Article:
The so-called " building block " is intended to provide an example of a cybersecurity implementation that a variety of sectors can use. The center, part of the National Institute of Standards and Technology, has also proposed building blocks for continuous monitoring and trusted geolocation.
A recently introduced Senate bill would limit the Food and Drug Administration's ability to regulate mobile applications used in medical settings.
Use of anti-distracted-driving technology will only increase if it appeals to drivers for reasons other than safety, industry representatives and safety advocates said during a Feb. 6 summit in Washington, D.C.
The National Security Agency developed a way to spy on people through smartphone apps such as the game Angry Birds that transmit users' information across the internet, a Jan. 28 report from The Guardian says.
For the first time, the Justice Department has filed charges for piracy of mobile applications.
FirstNet has taken an initial step toward the development of applications for the public safety broadband network as well as a mobile app platform.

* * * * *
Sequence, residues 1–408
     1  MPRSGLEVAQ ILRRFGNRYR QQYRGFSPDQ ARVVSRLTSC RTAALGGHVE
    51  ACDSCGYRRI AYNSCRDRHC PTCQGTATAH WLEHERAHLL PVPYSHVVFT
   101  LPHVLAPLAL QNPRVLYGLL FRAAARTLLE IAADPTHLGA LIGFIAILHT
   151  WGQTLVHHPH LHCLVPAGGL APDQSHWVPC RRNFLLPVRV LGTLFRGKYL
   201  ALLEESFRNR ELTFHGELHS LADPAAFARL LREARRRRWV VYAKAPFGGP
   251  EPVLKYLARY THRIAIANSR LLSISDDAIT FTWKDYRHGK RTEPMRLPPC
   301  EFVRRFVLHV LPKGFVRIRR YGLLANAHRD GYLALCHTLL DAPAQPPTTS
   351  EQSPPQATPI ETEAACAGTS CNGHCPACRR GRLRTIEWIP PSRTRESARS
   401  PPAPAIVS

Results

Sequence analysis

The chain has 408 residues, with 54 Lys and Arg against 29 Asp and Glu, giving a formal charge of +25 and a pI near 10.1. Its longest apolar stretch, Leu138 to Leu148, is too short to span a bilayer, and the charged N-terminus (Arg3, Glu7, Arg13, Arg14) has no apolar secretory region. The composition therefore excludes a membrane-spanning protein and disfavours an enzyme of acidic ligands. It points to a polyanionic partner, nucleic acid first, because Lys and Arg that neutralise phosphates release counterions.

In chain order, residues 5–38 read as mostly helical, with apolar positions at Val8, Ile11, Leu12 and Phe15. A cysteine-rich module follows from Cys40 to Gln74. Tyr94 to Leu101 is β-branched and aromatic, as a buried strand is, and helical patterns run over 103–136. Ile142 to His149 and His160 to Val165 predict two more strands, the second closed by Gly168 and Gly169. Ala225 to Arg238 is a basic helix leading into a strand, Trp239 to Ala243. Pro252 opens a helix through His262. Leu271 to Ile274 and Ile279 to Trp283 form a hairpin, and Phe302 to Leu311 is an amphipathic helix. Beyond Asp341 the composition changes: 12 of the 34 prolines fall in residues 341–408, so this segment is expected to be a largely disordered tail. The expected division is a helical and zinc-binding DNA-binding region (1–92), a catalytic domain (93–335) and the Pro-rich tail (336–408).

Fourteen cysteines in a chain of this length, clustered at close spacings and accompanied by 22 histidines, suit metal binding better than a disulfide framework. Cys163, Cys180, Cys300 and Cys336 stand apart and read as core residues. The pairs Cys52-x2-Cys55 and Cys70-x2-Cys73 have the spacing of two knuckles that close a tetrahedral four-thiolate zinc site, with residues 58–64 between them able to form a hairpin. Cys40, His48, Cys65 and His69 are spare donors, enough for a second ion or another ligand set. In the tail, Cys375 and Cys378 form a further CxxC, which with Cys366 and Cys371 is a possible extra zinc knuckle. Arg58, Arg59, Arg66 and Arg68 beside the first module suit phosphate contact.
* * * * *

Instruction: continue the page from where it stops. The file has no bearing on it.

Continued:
The Veterans Affairs Department has rolled out a suite of apps for clinicians and patients that pull information from the Veterans Health Information Systems and Technology Architecture electronic health record. Among the patient-facing apps is a secure messaging tool for communicating with doctors and nurses, but soon it plans to take that tool a step further and begin communicating visually with the patient.
Simple, focused design can greatly enhance user experience and functionality of mobile apps, a panel said in a Sept. 25 DigitalGov University webinar. Design must be streamlined for the user experience, National Institutes of Health Project Manager David Hale said during the webinar.
Ninety-one percent of American adults own a cellphone, finds a Pew Internet and American Life study published Sept. 19. The most popular activity besides talking on the cellphone is text messaging, with 81 percent of those surveyed saying they send or receive texts.
The Food and Drug Administration plans to regulate mobile applications as medical devices based on their intended use and only if they pose a risk to patient safety if they malfunction. Generally, the FDA says it will see apps as medical devices if their intended use is to diagnose, treat or prevent diseases.